How to: make a magnetic compass
Mark Miodownik, presenter from Dara O Briain's Science Club on BBC Two, reveals how you can perform simple science experiments at home. By magnetising a needle you can create your own working compass.
Our planet acts like a giant bar magnet creating a magnetic field that protects Earth from space radiation. Magnetised metals naturally align themselves with this field and you can harness this invisible effect with Mark's simple step-by-step instructions.
Things you'll need:
- Sewing needle
- Cork or plastic bottle top
- Bar magnet
- Sticky tack
- Shallow dish of water
- Sharp knife or scissors
- Towel (optional)
- Compass (optional)
How to do it:
Be careful when handling sharp needles and using knives or scissors.
Cut a circle around 1/4 inch (5-10 mm) thick from the end of a cork with scissors or a knife and place to one side. You could also use an upturned plastic bottle cap.
Magnetise the needle by stroking it with one end of the bar magnet 50 times from tail to tip. If the magnet has its north pole labelled, then stroke the needle with this end. Otherwise, pick one of the ends and use this for every stroke to magnetise the needle.
How do you magnetise a needle?
Iron, nickel and cobalt contain tiny regions called magnetic domains, in which electrons align in the same direction. These domains point in different directions so tend to cancel each other out.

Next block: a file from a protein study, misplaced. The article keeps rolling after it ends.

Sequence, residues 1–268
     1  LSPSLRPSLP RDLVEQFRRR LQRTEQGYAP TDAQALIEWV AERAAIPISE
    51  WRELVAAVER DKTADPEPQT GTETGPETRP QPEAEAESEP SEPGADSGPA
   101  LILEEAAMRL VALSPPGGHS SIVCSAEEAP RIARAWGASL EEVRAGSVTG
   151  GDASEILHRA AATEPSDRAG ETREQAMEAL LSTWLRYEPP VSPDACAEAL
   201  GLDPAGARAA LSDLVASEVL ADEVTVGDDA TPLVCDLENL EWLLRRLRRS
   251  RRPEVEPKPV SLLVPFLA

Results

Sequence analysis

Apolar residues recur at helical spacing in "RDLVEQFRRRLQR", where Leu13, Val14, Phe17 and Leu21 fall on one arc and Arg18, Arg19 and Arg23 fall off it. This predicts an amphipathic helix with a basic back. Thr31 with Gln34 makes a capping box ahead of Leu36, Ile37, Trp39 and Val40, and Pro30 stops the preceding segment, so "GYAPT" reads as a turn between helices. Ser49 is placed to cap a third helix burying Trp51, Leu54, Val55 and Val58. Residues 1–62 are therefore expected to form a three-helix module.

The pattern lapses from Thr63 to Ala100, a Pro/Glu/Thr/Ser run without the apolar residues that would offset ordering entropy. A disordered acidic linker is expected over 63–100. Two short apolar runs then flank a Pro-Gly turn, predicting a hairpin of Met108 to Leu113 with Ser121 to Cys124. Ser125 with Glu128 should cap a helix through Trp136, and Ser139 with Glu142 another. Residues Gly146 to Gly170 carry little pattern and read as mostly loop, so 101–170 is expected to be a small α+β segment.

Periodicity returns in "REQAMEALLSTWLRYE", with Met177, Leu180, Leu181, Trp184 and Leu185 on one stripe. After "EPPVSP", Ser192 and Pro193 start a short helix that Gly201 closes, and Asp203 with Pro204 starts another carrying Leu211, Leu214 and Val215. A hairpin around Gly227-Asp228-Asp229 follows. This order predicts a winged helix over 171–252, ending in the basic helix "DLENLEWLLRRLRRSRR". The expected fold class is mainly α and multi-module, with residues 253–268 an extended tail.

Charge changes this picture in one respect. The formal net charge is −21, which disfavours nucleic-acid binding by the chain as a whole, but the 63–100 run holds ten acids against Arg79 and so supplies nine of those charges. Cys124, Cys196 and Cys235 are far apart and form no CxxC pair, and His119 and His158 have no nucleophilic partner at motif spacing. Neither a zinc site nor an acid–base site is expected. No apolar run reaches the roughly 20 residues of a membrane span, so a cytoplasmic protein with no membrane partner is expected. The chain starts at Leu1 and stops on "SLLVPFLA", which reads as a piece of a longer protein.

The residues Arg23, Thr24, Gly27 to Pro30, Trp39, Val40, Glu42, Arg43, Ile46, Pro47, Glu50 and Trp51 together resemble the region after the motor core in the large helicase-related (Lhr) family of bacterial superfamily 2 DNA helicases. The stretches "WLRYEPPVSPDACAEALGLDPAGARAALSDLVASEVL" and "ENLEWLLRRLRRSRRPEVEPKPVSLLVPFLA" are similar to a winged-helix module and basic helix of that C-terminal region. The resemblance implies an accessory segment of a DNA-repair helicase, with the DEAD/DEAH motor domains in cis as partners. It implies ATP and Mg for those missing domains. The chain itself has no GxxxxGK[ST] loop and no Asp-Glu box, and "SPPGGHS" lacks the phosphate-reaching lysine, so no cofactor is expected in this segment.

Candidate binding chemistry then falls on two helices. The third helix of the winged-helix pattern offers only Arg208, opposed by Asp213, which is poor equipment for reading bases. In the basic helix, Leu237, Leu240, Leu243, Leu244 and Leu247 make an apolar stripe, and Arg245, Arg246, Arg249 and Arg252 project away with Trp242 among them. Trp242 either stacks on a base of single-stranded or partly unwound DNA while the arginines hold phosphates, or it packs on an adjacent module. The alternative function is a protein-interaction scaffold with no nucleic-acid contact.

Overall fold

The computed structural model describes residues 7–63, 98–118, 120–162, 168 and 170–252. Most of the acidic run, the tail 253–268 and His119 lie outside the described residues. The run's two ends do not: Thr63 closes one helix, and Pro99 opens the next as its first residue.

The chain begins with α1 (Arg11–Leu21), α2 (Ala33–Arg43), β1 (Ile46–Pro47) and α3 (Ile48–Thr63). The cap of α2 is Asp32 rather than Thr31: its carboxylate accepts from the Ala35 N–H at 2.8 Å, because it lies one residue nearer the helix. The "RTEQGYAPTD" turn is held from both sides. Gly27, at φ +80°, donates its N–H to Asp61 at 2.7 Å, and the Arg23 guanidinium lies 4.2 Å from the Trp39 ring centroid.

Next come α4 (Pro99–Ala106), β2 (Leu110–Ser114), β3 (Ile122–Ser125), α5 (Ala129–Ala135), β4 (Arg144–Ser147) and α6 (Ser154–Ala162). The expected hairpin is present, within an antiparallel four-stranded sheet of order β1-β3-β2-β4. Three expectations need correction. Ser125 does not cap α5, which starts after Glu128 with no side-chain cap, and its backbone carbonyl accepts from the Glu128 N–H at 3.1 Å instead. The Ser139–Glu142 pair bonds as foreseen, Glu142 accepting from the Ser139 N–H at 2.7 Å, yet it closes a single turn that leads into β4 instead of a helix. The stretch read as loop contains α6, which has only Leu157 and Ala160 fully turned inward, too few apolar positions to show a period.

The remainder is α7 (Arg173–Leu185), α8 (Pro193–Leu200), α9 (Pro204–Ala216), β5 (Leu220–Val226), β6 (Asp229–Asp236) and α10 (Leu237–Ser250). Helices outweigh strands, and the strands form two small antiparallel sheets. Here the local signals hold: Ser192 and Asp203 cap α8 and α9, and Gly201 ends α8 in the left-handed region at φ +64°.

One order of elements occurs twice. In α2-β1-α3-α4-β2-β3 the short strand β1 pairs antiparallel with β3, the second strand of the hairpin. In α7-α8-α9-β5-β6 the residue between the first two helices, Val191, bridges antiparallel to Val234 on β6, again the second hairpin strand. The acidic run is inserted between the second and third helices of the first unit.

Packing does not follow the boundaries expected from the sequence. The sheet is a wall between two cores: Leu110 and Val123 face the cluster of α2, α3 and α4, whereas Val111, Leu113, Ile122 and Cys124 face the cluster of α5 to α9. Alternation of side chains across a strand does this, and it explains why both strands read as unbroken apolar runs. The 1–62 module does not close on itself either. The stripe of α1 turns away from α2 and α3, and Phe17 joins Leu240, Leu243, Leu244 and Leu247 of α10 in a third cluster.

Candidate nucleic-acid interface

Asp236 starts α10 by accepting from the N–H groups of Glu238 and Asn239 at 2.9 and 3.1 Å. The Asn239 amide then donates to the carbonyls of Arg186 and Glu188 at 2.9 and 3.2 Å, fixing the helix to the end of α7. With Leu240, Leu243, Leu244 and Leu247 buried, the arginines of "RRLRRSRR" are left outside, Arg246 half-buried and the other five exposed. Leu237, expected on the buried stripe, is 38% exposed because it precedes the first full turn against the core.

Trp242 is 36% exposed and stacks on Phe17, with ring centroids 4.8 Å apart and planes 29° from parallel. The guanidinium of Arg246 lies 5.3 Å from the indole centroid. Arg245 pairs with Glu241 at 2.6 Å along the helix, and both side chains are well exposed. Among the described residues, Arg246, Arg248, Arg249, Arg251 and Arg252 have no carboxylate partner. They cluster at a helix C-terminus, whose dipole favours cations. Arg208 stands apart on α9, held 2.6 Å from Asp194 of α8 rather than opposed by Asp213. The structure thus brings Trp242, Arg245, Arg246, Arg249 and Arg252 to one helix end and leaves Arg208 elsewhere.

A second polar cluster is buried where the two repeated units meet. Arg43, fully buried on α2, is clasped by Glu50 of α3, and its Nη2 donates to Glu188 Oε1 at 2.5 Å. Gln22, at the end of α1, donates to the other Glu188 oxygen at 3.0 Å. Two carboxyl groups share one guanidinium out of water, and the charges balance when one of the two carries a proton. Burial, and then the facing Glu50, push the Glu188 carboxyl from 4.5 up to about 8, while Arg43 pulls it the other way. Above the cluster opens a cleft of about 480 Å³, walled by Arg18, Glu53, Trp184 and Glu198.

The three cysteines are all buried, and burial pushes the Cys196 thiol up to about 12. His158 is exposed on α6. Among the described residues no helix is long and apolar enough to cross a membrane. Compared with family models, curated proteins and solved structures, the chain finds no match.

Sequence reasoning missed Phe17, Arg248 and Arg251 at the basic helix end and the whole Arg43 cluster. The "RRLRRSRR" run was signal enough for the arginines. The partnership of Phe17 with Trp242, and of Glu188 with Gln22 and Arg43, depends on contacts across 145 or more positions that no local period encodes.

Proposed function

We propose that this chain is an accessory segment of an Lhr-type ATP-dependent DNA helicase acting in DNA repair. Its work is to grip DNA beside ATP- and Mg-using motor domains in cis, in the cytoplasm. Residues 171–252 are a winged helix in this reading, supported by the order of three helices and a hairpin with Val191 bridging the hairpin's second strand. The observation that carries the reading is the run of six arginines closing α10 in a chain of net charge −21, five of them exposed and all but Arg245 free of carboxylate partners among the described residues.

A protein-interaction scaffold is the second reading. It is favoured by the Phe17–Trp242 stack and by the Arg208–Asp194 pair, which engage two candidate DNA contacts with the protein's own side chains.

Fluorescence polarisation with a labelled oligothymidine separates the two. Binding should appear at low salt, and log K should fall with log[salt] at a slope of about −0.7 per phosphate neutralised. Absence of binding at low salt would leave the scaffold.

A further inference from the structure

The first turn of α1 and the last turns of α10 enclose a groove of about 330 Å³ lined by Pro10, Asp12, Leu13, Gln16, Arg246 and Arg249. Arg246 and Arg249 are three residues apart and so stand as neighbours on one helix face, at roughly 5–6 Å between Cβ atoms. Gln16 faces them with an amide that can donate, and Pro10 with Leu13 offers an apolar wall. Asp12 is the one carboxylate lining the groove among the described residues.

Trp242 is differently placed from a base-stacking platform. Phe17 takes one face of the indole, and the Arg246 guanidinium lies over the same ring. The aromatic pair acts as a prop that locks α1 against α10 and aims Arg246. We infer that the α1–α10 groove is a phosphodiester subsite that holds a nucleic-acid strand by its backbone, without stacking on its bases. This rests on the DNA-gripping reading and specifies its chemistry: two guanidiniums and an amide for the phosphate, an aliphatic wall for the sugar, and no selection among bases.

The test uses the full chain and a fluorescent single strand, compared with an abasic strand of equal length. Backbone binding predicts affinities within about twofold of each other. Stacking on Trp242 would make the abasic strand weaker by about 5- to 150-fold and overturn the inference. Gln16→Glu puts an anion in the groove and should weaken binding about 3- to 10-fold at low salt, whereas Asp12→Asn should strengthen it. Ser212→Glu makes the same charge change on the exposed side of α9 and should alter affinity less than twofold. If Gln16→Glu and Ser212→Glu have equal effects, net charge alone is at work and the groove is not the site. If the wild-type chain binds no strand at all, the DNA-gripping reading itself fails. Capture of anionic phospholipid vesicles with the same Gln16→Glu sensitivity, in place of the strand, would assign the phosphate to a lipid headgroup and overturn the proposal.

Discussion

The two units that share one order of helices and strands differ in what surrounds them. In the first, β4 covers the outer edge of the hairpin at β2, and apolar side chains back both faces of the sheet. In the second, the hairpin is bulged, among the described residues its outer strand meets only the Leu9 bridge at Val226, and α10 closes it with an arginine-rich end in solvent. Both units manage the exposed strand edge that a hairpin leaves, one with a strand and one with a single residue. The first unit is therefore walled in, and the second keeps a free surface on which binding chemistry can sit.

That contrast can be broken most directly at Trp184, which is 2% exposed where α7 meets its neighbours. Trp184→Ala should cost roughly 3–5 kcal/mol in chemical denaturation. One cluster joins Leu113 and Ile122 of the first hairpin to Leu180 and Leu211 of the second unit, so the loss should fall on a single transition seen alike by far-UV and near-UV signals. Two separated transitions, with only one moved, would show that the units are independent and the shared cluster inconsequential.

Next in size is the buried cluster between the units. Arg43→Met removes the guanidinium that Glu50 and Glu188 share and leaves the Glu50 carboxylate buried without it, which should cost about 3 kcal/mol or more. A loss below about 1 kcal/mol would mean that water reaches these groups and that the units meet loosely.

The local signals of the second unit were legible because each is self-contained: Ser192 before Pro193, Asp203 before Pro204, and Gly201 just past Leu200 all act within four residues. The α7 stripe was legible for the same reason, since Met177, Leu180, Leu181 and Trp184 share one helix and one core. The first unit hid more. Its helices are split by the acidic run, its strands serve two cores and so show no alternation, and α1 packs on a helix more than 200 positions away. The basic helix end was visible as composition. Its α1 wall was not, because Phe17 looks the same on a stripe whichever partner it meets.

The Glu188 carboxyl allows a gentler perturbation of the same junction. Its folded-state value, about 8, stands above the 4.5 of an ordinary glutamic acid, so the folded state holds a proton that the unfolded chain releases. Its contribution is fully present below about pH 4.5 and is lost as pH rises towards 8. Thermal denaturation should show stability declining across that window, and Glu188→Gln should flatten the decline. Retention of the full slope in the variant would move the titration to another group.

When one of these metals is exposed to a strong magnetic field the domains are encouraged to align, which turns it into a temporary magnet.
This is how a steel needle (which contains iron) becomes magnetised when stroked by a permanent magnet.
Why does a compass point north?
Once the needle is magnetised it naturally wants to align with the Earth's stronger magnetic field.
Scientists believe this field, called the magnetosphere, is created by electrical currents that are generated by a churning molten iron core deep inside the planet.
It means the Earth acts as if it has a bar magnet running through it with the magnet's south pole located near the planet's geographic north. Since opposites attract the north pole of a magnetised needle is attracted towards it.
Lift the magnet away from the needle after each stroke to reduce the chance of de-magnetising the needle as you return it back to the tail.
Stick the magnetised needle to the circle of cork with some tack, this will keep the needle floating on the water.
Float the cork in a dish of water. Water creates an almost frictionless surface which allows the cork to rotate until the north pole of the needle points towards the magnetic north pole - i.e. the same as shown on the manufactured compass.
Keep the dish away from computers and other devices that contain magnets as they can disrupt the field lines.
You can then check that the result is correct using a field compass or a smart phone with a compass tool. The needle will slowly lose its magnetic charge over time.